You get out of the Loss, or the costs of poverty on your finances and on your mind will kill you first. Like it’s billed: economic horror, with zombies to make it less depressing. No Budget, No Buy is what makes that economic horror real.

Next time: the actual Materialism chapter, covering the gear list, refreshes/upkeep, buying/selling, and scavenging/crafting.

Nessus
Dec 22, 2003

To witness titanic events is always dangerous, usually painful, and often fatal.





megane posted:

But how has no one made a Deer Leader pun yet

e: I have this hypothesis, originally constructed for Game of Thrones, that a lot of grognardy media consist in large part of "misery porn." That is, the characters just sort of wander around experiencing how awful the setting is, either through suffering misery, seeing it inflicted on others, or inflicting it themselves. There's little connection to the plot, what the PCs might do, etc., it's just a stroll through a museum of horrible details the writers thought up. It's usually excused as "realism" or "world building," but really it's just filler. Degenesis and CthulhuTech, for instance, both seem to have rather a high amount of this; hopefully Blue Rose is different.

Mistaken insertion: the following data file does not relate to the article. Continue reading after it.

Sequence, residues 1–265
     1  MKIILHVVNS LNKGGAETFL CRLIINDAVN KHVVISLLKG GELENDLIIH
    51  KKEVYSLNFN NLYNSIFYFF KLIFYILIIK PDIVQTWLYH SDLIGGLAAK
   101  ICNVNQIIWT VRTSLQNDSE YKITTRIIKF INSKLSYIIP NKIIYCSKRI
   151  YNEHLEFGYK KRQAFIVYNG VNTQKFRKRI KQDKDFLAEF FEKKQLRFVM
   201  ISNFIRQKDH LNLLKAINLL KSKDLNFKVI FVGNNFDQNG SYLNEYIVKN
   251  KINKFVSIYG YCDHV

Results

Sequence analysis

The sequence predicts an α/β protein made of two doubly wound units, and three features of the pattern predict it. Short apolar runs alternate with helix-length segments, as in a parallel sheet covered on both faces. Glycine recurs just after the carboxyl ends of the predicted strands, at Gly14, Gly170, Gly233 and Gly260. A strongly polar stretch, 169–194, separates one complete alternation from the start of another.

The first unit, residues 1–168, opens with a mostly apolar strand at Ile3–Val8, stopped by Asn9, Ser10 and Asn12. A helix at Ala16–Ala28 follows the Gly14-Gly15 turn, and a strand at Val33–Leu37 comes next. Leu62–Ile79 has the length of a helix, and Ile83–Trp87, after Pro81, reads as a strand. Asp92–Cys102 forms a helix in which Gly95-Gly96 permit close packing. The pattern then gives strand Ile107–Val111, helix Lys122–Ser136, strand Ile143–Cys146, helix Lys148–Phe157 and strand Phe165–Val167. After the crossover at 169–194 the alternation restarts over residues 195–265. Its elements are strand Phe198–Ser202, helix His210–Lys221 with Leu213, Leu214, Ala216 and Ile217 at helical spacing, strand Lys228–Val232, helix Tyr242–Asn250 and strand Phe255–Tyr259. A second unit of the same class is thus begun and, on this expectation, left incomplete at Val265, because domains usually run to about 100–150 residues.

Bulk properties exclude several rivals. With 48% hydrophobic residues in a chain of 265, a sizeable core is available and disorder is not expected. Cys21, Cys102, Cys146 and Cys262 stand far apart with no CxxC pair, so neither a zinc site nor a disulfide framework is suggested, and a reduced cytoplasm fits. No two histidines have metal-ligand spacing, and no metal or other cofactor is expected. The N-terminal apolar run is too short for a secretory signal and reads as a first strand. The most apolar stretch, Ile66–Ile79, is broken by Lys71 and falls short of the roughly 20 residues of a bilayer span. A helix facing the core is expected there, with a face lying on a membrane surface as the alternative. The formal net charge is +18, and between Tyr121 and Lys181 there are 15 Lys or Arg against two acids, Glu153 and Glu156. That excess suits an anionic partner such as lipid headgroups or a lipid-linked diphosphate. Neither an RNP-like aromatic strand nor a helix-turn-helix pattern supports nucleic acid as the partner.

I think I get what you're talking about here. There is this sort of unstated idea that miserable/negative experiences or details are somehow truer, or more real/realistic, than neutral or positive ones.

SkyeAuroline
Nov 12, 2020



Nessus posted: